BY RANDY WHITTAKER
Copyright is held by the author.
THE CREATURE chugged through the sea, searching. It knew it wouldn’t be long.
The warmer currents had awoken it from its life cycle early. There were others like it in the sea. Millions, perhaps billions, of them, all waiting for the moment a host presented itself.
Its tiny, almost microscopic body writhed and wiggled in the primeval attempt at propulsion. The other sea creatures knew to leave it alone. Nothing preyed on it as it made its way from the sea bottom, up towards the light. It was driven by a desire as old as life itself.
The desire to feed, to procreate the species, drove it wild with a primordial frenzy. It squirmed against the pressure of the water and slowly made its way to its destiny.
The cruise ship hovered on the surface of the sea like a floating city. Its propulsion and stability systems the epitome of modern technology. The mammoth vessel barely rocked in the water. This was necessary for the enjoyment of the thousands of passengers who tried to forget their normal, mundane lives.
Bumper cars, ice rinks and a myriad of other middle class distractions ensured its cabins were full of overweight, middle aged couples.
As it docked, the side, rear and front thrusters ensured the ship’s anchorage was never as much as a whimper through the steel skin. Once docked the normal maintenance began. Beds were made, decks were scrubbed and pools were emptied and filled.
The tiny worm-like creature continued to float in the water, unaware of its exact geographical location. It knew it was nearer the surface owing to the warmer temperature.
As it floated, it could feel itself being pulled, ever so gently, backwards. At first it didn’t mind. Anywhere it went was fine.
The pulling soon turned into a rushing vortex of liquid fury. It found itself swirling in a mass of sand, the grains not much bigger than itself. Once the sand was gone, it found itself being pushed out into a new world.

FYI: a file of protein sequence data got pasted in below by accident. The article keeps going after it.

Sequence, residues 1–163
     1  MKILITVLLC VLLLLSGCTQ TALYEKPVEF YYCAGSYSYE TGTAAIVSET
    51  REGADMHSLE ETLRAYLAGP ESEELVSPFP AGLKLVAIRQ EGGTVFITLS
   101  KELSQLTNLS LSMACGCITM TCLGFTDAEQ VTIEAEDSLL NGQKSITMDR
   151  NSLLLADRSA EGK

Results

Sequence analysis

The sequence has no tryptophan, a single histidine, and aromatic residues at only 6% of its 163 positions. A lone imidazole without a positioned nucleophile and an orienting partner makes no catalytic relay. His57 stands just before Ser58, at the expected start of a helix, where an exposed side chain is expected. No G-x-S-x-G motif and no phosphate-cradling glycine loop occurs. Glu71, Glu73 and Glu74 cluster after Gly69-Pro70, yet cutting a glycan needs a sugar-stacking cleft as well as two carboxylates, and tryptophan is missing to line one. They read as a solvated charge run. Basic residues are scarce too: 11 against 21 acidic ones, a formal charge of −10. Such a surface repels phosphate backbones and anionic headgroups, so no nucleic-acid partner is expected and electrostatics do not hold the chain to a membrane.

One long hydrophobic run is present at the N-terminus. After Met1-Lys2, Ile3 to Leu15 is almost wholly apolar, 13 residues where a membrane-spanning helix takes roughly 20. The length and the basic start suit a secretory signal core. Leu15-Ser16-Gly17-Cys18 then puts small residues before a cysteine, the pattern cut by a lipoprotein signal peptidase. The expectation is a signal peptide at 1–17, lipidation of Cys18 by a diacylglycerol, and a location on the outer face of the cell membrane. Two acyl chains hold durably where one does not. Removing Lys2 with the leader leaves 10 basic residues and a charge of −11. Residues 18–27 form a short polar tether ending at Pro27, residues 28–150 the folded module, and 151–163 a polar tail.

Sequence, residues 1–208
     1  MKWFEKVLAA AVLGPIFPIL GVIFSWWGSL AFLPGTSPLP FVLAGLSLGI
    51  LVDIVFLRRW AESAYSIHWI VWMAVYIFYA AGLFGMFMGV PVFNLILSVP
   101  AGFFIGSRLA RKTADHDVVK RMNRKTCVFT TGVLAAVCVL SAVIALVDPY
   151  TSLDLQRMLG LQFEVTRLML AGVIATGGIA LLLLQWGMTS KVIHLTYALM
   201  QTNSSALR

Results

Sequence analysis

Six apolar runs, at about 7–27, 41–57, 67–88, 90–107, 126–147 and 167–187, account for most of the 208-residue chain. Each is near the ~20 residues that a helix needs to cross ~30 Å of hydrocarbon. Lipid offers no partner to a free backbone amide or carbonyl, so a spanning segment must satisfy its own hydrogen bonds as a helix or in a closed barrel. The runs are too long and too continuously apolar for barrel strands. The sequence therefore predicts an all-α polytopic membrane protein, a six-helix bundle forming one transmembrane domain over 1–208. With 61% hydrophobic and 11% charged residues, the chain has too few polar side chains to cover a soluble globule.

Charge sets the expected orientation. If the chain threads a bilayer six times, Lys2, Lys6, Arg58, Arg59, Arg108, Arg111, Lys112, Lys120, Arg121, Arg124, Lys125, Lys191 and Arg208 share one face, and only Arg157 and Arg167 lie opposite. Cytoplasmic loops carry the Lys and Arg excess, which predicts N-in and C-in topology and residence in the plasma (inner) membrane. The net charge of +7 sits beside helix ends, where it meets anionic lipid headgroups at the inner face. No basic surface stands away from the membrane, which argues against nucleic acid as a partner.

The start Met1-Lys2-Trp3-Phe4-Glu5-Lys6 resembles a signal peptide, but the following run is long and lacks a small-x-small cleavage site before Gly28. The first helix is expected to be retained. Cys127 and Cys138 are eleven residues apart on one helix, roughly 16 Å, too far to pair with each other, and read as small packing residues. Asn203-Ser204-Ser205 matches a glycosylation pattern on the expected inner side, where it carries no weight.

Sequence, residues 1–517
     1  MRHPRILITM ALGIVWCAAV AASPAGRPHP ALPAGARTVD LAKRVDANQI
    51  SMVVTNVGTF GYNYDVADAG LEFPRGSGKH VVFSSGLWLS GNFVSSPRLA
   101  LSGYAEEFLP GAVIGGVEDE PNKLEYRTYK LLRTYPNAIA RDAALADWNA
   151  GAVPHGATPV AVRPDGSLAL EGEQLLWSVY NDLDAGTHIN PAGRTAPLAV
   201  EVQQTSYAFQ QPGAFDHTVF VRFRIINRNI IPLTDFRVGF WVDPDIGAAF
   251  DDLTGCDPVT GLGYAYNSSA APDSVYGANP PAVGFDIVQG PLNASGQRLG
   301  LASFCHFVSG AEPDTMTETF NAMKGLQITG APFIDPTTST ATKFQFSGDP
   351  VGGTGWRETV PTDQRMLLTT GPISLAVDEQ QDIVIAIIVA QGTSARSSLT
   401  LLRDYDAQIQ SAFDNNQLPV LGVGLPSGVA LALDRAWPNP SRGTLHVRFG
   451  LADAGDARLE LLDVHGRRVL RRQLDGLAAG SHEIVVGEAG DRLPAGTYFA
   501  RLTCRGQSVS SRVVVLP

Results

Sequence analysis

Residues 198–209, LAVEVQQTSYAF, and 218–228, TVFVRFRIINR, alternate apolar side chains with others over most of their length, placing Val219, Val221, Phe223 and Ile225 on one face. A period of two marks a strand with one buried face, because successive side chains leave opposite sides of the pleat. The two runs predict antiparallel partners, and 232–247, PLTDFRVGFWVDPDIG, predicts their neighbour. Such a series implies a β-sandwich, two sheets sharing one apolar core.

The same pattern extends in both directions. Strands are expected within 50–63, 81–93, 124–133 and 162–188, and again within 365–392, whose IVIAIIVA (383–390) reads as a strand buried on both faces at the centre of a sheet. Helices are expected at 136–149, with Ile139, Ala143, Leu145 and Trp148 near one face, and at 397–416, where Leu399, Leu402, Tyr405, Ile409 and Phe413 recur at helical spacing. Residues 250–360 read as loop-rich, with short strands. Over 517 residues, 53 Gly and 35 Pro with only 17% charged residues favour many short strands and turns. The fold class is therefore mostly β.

Suddenly, the sea was calm.
It floated in the water and felt no oceanic currents. It instinctively began its quest anew to find a host.
“Come on in dear, the water’s fine,” she said to her husband. He groaned as he pushed his ever expanding body off the deck chair and jumped into the pool.
“See,” she said diving under the water. He laughed and followed suit, closing his eyes against the salt water.
As it floated, it could sense a change to its world. Warm bodies pushed the water to and fro and it knew the time was close.
It sensed the opening before entering. The small circular entrance was always the perfect place. Its body convulsed, pushing it towards the opening. The warmth and familiarity of the entrance made it push deeper and deeper into the ear canal.
The man sat in the sun after the swim and felt like he had water in his ear. He shook his head from side to side and his wife scolded him.
“Honey, you’re going to knock your block off you keep that up,” she said reading her book.
The man laid back and thought he could feel an itch behind his eye. He rubbed it and his eyeball got warm. The more he rubbed it, the worse the itch became.
It wiggled in the ear canal and found its way to the back of the eyeball. The optic nerve allowed it to reach its destination, the brain. The brain that supplied food and sustenance after its long, dark hibernation.
“Honey, quit scratching it. You’re making it worse. Here put some of these drops in that the doctor gave you,” she said. The man pulled his hand away from his face and the woman stepped back.
The man’s eye looked like it was ready to burst out of his face, its glistening globule quivering in the fluorescent light of the cabin.
It fed on the grey orb sitting in the skull. It knew its time was limited and it feasted with an unbound, prehistoric lust.
Nature at work. It was simply allowing the species to survive at any cost. The host was dispensable in its world.
“Honey! Oh my god,” the woman screamed as her husband stood over her.
His eye was out of its socket, hanging down his cheek. The blood and goop intermingling in a jello-like substance that slowly oozed from the hole. The spoon in his hand was wet with thick red blood.
The man had gone crazy with the sensation of a million worms squirming around in his brain.
He had pulled his eye out to try to get to them.
The pain and madness now told him he needed to shut her up.
He picked up the table lamp and smashed it down on her head. Her skull cracked open with a sickening thud. He dropped the lamp, his breathing laboured. The worms continued to crawl around inside of his head.
He could feel a draw to the ocean that overwhelmed his senses. He went to the balcony and flung his body over. The dark, cold ocean swallowed the body with not so much as a hiccup.
It continued to feed and was satisfied the host was back in the sea water it craved. Once finished, it would leave the host and make its way back to the dark, deep recesses of the ocean floor. There it would bury itself and wait until it was feeding time again.
The ocean liner continued on its way. No one noticed the body go overboard. The ship propelled itself through the ocean as easily as a knife through butter.
As it docked, the routine began anew. As the pool filling system began, the cloud of millions of its brethren could feel the slightest pull, ever so gently, backwards.